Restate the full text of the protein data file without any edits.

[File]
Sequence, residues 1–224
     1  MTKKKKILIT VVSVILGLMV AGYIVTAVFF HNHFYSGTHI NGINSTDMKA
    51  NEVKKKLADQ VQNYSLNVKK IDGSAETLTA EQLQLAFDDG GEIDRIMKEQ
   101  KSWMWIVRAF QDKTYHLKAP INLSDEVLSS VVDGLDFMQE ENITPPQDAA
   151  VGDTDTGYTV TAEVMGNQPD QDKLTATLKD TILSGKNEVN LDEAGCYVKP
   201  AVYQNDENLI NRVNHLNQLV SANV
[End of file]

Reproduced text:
Sequence, residues 1–224
     1  MTKKKKILIT VVSVILGLMV AGYIVTAVFF HNHFYSGTHI NGINSTDMKA
    51  NEVKKKLADQ VQNYSLNVKK IDGSAETLTA EQLQLAFDDG GEIDRIMKEQ
   101  KSWMWIVRAF QDKTYHLKAP INLSDEVLSS VVDGLDFMQE ENITPPQDAA
   151  VGDTDTGYTV TAEVMGNQPD QDKLTATLKD TILSGKNEVN LDEAGCYVKP
   201  AVYQNDENLI NRVNHLNQLV SANV